“There is no place like Soyuzivka” is the slogan of this Ukrainian Heritage Resort perched high in the Catskills. And there is a reason that this slogan rings true. On July 8 – 10 Soyuzivka hosted its 10th annual Heritage Festival which was a compilation of Ukrainian artists and artisans from across the United States, Canada and Ukraine. And as usual the venue didn’t disappoint, as participants frolicked and dance well into the night.
But one of the more notable programs was The Film Festival presented by Razom and Kinofest NYC. I say this not because I myself am a Razom volunteer and therefore may not have an impartial view. I say this as someone who has attended Ukrainian Festivals her entire life and experienced more of the same – but The Razom Film Festival was fresh and unique. The program was produced in partnership with Kinofest NYC under the tutelage of Ukrainian-American Filmmaker, Damian Kolodiy. Saturday’s program showcased a collection of short films and various movie trailers that showed the diversity of films that are being made in Ukraine today. The program included Sashko Danylenko‘s Animations, Maryna Artemenko and Oksana Artemenko Shorts, Yevhenia Haidamaka Animations and teasers for brand new films such as “Selfie Party”, “Sweet Darusya”, “Rocketman”, “The Living Fire”, and more. To learn more about Razom’s participation at the festival click here.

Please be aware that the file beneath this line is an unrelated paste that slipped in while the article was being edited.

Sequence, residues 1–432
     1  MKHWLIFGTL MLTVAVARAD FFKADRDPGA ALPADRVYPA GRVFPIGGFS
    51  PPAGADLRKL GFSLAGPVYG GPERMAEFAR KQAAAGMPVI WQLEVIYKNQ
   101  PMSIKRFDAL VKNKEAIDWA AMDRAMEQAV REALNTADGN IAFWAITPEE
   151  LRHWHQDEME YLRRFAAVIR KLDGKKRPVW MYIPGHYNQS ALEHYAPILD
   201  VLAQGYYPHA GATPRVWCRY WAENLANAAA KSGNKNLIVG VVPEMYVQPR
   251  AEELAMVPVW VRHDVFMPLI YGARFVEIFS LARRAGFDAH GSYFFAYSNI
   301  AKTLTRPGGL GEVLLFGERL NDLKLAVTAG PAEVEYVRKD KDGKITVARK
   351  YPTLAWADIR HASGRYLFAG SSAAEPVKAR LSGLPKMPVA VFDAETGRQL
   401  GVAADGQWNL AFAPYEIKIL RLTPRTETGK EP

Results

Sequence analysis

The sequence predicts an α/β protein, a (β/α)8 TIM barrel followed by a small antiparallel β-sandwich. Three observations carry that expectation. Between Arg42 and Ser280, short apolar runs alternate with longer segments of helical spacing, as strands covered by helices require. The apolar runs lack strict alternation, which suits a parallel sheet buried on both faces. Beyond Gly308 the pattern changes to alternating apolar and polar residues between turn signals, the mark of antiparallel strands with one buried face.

From a cultural education perspective this is quite relevant because it shows the evolution of film genres in Ukraine. It is important to see the wide breath of films which are progressive in theme as they will help shape the view of Ukraine to the world. Historically, Ukraine has produced heavy hearted films about war and martyrdom and now the films range across the spectrum of comedy and modern topics that are socially relevant and relatable. It is also interesting to see the role that technology is playing in propelling film making forward in a country like Ukraine, where much of the graphics and special effects weren’t even possible a few years ago. On Sunday of the Festival, Razom had aired Damian Kolodiy’s film Freedom or Death which was a documentary account of the events that took place in Kiev’s Independence Square in 2013 and changed the course of Ukraine’s history.
Written by Tamara Lashchyk, Razom volunteer since 2014.